John Gordon Clark

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John Gordon Clark
Born 1926
United States
Died 1999
Residence United States
Nationality American
Fields psychiatry
Institutions Harvard University
Alma mater Harvard Medical School, M.D.
Macalester College, B.S.
Known for research on cults
Notable awards Psychiatrist of the Year, Psychiatric Times, 1991

John 'Jack' Gordon Clark (1926–1999) was a Harvard psychiatrist known for his research on the alleged damaging effects of cults.[1]

He was the target of harassment from the Church of Scientology after he testified against it to the Vermont legislature in 1976.[2]

In 1985, Clark received the Cult Awareness Network's Leo J. Ryan Award, named for the California congressman murdered in Jonestown. The Psychiatric Times, when naming him 1991 psychiatrist of the year, described him as "a quiet, courageous man of conviction, who was fighting an all-too-lonely and unappreciated battle against well-financed, ruthless organizations."


  • Testimony of John Clark[3] regarding cults Read on 3 November 1977 by Leo J. Ryan to the United States House of Representatives
  • Clark, John G. Cults. Journal of the American Medical Association. 242, 279-281. 1979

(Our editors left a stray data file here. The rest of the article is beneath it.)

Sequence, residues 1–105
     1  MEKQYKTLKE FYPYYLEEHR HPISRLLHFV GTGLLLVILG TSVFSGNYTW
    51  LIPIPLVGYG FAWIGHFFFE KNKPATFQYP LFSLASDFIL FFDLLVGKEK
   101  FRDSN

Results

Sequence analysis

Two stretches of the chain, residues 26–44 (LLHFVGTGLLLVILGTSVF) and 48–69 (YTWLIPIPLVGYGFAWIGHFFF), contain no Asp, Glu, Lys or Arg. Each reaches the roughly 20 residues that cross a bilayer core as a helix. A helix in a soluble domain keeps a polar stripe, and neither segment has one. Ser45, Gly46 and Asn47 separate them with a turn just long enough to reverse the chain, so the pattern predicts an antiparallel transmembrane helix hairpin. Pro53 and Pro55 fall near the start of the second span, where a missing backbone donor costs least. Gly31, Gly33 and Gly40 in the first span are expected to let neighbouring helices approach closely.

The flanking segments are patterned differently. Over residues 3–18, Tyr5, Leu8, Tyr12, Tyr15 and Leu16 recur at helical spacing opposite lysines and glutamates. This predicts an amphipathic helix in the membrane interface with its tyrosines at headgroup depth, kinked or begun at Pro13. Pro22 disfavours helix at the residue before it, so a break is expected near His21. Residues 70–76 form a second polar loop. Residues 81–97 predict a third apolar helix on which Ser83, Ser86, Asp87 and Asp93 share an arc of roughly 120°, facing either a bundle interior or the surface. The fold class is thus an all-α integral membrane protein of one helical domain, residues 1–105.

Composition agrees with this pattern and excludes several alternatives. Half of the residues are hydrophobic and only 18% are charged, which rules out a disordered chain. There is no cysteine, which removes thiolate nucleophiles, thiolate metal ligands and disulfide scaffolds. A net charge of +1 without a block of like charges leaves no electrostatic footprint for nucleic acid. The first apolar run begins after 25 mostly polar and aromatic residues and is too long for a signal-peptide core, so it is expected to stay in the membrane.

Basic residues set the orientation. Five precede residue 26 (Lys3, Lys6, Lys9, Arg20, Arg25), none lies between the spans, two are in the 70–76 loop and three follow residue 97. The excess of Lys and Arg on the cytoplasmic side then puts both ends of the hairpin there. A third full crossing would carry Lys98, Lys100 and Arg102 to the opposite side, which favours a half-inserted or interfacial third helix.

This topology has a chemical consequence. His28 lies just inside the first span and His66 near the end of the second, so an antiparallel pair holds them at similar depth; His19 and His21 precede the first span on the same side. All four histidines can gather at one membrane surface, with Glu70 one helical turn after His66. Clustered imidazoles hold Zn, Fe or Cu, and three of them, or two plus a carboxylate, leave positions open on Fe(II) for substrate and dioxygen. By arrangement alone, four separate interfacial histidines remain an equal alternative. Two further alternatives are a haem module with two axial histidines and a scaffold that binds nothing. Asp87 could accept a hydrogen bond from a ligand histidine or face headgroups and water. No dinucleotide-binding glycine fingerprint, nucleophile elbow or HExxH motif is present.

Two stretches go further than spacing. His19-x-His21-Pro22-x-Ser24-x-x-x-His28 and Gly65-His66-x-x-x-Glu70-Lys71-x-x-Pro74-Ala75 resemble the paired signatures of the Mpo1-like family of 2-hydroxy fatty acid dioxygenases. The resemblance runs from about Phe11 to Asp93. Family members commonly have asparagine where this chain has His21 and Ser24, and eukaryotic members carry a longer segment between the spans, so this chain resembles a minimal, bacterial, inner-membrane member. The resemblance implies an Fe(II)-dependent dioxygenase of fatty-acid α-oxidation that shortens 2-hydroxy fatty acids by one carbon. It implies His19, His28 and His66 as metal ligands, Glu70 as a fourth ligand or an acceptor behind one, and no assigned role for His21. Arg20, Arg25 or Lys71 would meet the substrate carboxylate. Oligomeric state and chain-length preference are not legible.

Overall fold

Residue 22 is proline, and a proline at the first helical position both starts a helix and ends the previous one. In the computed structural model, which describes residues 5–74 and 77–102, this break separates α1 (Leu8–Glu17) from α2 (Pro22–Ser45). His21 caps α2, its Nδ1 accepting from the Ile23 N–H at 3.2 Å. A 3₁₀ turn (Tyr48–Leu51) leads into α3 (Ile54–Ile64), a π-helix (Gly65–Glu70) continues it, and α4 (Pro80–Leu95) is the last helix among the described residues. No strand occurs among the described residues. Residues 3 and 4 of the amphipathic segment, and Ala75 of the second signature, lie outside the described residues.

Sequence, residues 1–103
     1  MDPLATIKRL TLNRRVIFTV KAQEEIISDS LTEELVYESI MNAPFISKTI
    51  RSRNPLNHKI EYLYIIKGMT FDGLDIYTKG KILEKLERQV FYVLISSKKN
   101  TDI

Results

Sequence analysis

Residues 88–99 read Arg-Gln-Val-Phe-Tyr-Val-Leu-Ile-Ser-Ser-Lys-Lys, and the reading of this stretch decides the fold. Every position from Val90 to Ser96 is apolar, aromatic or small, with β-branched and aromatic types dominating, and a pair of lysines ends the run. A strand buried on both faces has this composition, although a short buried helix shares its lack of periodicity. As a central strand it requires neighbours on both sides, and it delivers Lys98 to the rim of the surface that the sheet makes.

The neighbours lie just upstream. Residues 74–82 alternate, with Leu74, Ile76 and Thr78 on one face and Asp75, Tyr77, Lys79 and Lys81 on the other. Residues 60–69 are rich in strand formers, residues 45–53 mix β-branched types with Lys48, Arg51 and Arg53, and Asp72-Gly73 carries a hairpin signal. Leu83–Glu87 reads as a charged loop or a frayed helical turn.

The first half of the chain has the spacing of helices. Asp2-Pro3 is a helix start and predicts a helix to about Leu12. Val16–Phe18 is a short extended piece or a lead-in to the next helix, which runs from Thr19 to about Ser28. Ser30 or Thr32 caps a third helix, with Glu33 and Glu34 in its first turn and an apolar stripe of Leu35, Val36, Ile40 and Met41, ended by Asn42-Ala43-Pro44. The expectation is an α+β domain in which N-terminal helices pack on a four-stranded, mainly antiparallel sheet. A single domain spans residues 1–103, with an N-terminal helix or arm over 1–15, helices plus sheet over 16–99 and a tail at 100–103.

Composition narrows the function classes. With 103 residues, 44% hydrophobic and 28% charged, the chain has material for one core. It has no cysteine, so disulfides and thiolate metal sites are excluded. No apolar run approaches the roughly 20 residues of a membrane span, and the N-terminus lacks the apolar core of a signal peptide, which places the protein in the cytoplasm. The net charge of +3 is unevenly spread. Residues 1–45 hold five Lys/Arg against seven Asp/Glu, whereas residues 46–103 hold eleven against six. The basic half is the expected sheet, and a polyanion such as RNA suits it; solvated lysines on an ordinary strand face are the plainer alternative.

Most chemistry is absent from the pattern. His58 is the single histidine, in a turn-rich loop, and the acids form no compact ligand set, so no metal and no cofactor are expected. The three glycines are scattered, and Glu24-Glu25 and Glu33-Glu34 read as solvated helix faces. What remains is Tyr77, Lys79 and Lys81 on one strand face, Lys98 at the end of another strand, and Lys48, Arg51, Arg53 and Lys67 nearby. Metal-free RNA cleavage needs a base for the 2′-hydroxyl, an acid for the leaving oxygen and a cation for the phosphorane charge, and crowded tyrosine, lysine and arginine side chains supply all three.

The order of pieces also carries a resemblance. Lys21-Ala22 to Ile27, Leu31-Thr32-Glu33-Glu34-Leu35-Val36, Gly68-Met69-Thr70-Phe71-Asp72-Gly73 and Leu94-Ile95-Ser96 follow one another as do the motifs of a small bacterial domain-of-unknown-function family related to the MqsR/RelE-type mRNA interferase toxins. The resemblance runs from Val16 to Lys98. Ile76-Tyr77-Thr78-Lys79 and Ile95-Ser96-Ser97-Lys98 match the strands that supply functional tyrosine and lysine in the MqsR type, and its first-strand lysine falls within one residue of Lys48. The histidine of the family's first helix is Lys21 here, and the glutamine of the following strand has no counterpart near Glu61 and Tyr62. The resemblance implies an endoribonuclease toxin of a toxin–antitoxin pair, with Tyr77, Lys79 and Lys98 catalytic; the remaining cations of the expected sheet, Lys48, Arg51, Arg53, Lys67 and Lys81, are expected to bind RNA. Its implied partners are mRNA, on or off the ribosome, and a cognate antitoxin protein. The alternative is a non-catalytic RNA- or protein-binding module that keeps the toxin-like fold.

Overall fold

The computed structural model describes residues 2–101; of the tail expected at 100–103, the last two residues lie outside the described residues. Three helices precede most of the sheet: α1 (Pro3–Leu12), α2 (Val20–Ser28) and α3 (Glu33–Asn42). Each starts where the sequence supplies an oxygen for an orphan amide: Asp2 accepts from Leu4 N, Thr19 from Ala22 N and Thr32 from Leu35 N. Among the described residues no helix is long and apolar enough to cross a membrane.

• Clark, J.G., et al.: Destructive cult conversion. Weston, MA: American Family Foundation. 1981
  • Clark, John G.: On the further study of destructive cultism. In Halperin (ed.), 363-368 1983
  • Langone, Michael D. and John G. Clark, Jr.: New religions and public policy: research implications for social and behavioural scientists Weston (MA.): American Family Foundation 1983


See also[edit]


  1. ^ Dr. John Clark, 73, Psychiatrist was authority on danger of cults, Tom Long, Globe Staff, 10/09/99, The Boston Globe
  2. ^ John Clark, 73, Psychiatrist Who Studied Sects, New York Times, October 18, 1999, Eric Nagourney
    The Church of Scientology objected strongly to Clark's assertions, and the church and Clark battled in court. Clark said the church had engaged in a campaign of harassment against him. In 1988, he settled with the church and received an undisclosed amount of money, but agreed never to discuss the group publicly again.
  3. ^ Wikisource link to The Effects of Religious Cults on the Health and Welfare of Their Converts. Wikisource.

External links[edit]